Modern capitalism is color-blind

Marketplace Staff Jul 3, 2006

TESS VIGELAND: It’s the 4th of July tomorrow. That’s a day to rest, maybe have a barbecue or go for a swim and celebrate the fact that so many of us are both free and prosperous. In recent months, many major newspapers have run stories about race and prosperity, or the lack of it. Economist and commentator Marcellus Andrews says race doesn’t matter when it comes to how the economic deck is stacked.


MARCELLUS ANDREWS: Newspaper readers often come away thinking that blackness is a problem. It’s easy to see why. The men the media feature travel on a conveyor belt. They go from impoverished families to bad schools to low pay, crime, and prisons.

There must be something wrong, they figure, with so-called black culture. Or maybe racism is still too powerful. But they’re dead wrong on both counts. These men are the bitter fruit of the American free market economy. The blackness of some men matters less than the fact that poor men of all colors and conditions are economically disposable.

Many men are so poorly educated that their labor commands little value in our hyper-competitive economy.So some make up the difference between their lousy wages and what they need through crime. So why then are so many poor men and therefore prisoners disproportionately black?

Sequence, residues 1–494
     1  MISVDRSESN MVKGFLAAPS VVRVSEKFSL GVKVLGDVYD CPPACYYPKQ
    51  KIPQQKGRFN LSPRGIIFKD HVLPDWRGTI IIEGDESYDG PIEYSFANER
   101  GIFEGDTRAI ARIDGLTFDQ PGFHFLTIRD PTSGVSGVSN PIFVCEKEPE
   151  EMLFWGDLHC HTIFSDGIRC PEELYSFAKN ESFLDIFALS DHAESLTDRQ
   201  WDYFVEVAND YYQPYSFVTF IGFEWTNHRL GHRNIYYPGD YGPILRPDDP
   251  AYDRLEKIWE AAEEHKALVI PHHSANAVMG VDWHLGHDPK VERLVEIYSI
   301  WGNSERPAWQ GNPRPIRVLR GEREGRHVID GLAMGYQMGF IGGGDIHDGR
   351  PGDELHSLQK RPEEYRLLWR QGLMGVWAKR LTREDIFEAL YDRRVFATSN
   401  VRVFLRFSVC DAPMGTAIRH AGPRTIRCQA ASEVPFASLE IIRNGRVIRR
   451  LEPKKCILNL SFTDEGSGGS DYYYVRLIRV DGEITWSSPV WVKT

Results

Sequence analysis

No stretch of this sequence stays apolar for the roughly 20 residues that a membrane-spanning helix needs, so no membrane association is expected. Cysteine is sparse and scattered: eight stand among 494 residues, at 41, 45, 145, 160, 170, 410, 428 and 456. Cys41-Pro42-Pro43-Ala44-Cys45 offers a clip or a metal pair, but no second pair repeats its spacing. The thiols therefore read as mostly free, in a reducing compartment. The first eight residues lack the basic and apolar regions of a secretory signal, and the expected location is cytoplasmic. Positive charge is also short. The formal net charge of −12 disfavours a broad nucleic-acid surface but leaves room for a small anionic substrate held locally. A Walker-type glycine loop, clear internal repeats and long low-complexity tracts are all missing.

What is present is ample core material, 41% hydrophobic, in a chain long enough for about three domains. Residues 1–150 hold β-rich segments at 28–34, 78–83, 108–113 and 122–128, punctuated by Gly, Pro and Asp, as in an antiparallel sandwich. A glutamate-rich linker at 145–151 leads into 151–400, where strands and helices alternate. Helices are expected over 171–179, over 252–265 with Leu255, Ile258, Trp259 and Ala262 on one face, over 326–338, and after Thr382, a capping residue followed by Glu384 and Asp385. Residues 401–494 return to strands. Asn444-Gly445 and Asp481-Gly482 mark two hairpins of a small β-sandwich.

Well, because the end of the American segregation system a half century ago put black people onto the blue-collar road to the middle class just when the on-ramp shut down.

In the mid-1970s, the country de-industrialized. American companies off-shored steel, stopped building ships and, gradually, autos too.

Children from modest circumstance faced either low-wage work or no work at all. Just look at the fate of poorly educated immigrants today. Their influx is simply changing the color of surplus males from black to brown.

But the problem remains: Too many men, too few skills to be economically independent. Just look at the rising proportion of Latinos in our prisons.

The sad fact remains that America doesn’t seen to care about giving these people the tools and fighting chance to help themselves.

But that’s not racism. That’s just cold, hard modern capitalism. That’s the real story the papers should cover.

And it’s color-blind.

VIGELAND: Marcellus Andrews’ latest book is called “The Political Economy of Hope and Fear.”

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